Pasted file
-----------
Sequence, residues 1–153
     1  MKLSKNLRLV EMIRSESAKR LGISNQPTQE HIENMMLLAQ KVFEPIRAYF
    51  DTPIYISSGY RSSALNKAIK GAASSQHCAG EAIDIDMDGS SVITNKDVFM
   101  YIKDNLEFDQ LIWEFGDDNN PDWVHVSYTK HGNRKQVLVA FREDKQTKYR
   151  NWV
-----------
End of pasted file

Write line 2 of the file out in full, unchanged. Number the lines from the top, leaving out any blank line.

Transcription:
     1  MKLSKNLRLV EMIRSESAKR LGISNQPTQE HIENMMLLAQ KVFEPIRAYF